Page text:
Priscilla Noble and her friend Tom have just graduated from college. On the last day of school Tom reveals to Priscilla that he is really Prince Sterling of Pewtersberg and that he has feelings for her. He invites Priscilla to visit him at his castle over the summer so that they can get to know each other better. In the meantime his mother, Queen Irritata of Pewtersberg, has arranged for her son to marry Princess Monica from a neighboring kingdom. When both girls arrive at the castle, the queen puts them through a series of challenges that, in theory, only a true princess would overcome. Add a tower, a bunch of mattresses and a large pea and you’ve got yourself an entertaining afternoon of live theater.

Directed by Sanzel, a stellar cast of nine adult actors keep the young audience entranced. Never have I seen a more well-behaved group of children than at last Saturday morning’s performance, sitting quietly and just taking it all in, a true testament to the magic of live theater.

Jessica Contino and Dylan Robert Poulos star in ‘The Princess & the Pea’.Photo by Peter Lanscombe, Theatre Three Productions Inc

Jessica Contino plays the lead role of Priscilla with confidence and determination. Continuously being put down for being a commoner by the queen, her character remains polite and respectful throughout. A perfect role model for today’s youth, she proves that studying and doing well in school pays off in the end.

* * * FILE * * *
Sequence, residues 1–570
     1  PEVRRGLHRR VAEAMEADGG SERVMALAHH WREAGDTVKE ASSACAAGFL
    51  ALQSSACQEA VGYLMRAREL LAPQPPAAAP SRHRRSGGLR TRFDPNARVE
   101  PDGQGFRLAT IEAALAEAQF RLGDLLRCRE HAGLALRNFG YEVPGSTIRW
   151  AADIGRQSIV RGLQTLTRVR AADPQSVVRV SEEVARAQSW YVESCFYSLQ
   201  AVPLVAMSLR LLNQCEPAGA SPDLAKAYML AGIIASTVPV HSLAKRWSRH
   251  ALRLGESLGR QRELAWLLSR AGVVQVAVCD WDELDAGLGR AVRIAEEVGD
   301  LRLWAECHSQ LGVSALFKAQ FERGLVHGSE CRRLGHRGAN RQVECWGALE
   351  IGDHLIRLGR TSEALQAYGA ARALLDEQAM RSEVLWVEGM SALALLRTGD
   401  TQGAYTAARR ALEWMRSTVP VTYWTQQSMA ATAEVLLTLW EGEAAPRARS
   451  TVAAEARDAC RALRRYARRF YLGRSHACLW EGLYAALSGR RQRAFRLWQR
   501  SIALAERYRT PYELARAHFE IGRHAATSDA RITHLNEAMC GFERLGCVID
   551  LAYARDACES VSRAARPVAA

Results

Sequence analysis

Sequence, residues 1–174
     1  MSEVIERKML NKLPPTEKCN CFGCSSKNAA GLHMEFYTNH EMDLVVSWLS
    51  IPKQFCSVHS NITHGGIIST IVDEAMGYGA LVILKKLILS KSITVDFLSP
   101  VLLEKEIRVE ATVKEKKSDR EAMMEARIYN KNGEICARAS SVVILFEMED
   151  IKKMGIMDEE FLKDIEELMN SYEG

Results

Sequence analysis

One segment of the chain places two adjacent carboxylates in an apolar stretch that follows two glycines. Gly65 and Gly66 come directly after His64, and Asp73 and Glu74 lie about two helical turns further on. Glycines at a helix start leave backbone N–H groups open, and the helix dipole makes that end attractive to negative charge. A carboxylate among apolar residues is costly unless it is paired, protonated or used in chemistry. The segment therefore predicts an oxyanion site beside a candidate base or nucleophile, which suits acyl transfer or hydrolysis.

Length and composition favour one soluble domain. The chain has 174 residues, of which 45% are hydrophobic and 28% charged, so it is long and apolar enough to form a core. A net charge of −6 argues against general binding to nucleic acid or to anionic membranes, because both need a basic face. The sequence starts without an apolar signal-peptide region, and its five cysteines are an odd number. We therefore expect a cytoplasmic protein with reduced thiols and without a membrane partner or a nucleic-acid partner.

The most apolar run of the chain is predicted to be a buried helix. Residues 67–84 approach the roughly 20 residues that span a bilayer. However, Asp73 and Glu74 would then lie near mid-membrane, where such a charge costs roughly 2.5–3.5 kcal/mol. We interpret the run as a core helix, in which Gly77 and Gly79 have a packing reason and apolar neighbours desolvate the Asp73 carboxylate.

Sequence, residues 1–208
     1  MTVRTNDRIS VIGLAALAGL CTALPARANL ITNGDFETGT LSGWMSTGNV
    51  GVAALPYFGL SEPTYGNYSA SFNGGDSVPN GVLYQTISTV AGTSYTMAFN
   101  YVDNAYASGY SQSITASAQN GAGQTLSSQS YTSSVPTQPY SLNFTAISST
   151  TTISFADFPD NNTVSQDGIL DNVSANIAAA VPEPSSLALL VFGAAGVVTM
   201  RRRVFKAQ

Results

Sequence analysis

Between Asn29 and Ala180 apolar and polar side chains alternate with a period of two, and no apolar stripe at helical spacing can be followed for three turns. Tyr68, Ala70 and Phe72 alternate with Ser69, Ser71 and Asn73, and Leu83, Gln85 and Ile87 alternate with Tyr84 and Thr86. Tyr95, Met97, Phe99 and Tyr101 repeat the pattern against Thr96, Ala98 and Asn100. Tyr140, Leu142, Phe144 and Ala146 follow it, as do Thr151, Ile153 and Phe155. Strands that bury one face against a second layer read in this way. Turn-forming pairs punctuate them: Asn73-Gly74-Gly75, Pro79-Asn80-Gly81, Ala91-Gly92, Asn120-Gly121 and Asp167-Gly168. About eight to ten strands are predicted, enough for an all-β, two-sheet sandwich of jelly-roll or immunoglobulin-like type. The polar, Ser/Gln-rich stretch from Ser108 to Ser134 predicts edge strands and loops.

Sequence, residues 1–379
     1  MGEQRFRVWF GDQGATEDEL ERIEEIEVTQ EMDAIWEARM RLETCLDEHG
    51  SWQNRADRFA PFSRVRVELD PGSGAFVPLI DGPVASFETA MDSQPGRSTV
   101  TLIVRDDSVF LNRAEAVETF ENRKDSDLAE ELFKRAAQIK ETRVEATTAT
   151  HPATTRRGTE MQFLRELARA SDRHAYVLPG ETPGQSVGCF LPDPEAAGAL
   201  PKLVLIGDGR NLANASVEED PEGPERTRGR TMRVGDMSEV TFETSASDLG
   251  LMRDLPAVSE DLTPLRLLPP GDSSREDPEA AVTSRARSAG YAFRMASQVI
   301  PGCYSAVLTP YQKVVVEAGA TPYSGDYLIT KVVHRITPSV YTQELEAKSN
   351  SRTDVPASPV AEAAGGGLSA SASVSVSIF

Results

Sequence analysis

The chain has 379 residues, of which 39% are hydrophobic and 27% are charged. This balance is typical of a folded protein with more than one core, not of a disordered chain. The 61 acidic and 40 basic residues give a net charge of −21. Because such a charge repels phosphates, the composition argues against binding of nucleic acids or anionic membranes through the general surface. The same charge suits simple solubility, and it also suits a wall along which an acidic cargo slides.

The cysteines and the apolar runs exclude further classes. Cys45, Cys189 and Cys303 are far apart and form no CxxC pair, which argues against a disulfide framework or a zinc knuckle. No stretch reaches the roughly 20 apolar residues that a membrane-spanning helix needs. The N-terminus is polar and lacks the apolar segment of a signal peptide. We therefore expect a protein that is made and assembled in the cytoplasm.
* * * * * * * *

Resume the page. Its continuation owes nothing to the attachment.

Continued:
Dylan Robert Poulos is perfectly cast as the tall, dark and handsome Prince Sterling and Andrew Gasparini shines as Lord Chancellor Pandergrovel.

Emily Gates is terrific in the role of Princess Monica, falling asleep all over the stage, much to the dismay of her sisters Princess Miranda (Melanie Acampora) and Princess Margot (Ashley Iadanza) who have been give strict orders by their parents to marry her off. And boy can she snore!

Newcomer Linda Pentz tackles the role of Queen Irritata of Pewtersberg, who seems to have a permanent migraine (“honestly!”), with aplomb. Determined to have her son marry royalty, her character remains stubborn until the very end.

Jessica Contino and Linda Pentz in a scene from ‘The Princess & the Pea’. Photo by Peter Lanscombe, Theatre Three Productions Inc.

However, it is the queen’s brothers, Henry, Earl of Blunt, played by Steven Uihlein, and Richard, Duke of Yuck (yes you read that right), played by Bobby Montaniz, who steal the show with their comedic antics. These two should have a comedy act together!

The original score, with choreography by Sari Feldman, is fresh and hip, with special mention to “A Friend in Need,” “I Say, You Do!” and “The Test,” which is performed entirely in rap. Teresa Matteson’s detailed costumes, especially the intricate royal garb and wigs, are first rate, and live musical accompaniment by Steve McCoy on piano is a nice touch.

Meet the cast in the lobby after the show for photo ops and tell Princess Monica to get some sleep! Honestly!